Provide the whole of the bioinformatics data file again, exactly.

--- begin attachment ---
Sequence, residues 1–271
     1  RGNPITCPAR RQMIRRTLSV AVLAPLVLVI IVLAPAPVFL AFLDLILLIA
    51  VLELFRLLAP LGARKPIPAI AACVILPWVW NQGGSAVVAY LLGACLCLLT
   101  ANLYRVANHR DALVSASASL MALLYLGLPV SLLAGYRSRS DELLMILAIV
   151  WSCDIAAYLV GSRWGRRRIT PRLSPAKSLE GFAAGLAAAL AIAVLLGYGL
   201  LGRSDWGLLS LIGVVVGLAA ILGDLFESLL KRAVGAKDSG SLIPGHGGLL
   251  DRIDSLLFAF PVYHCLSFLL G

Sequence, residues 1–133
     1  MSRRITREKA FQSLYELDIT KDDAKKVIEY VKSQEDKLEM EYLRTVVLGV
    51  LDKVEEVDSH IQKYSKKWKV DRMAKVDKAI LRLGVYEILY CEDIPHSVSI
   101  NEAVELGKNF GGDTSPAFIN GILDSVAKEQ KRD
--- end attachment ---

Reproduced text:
Sequence, residues 1–271
     1  RGNPITCPAR RQMIRRTLSV AVLAPLVLVI IVLAPAPVFL AFLDLILLIA
    51  VLELFRLLAP LGARKPIPAI AACVILPWVW NQGGSAVVAY LLGACLCLLT
   101  ANLYRVANHR DALVSASASL MALLYLGLPV SLLAGYRSRS DELLMILAIV
   151  WSCDIAAYLV GSRWGRRRIT PRLSPAKSLE GFAAGLAAAL AIAVLLGYGL
   201  LGRSDWGLLS LIGVVVGLAA ILGDLFESLL KRAVGAKDSG SLIPGHGGLL
   251  DRIDSLLFAF PVYHCLSFLL G

Sequence, residues 1–133
     1  MSRRITREKA FQSLYELDIT KDDAKKVIEY VKSQEDKLEM EYLRTVVLGV
    51  LDKVEEVDSH IQKYSKKWKV DRMAKVDKAI LRLGVYEILY CEDIPHSVSI
   101  NEAVELGKNF GGDTSPAFIN GILDSVAKEQ KRD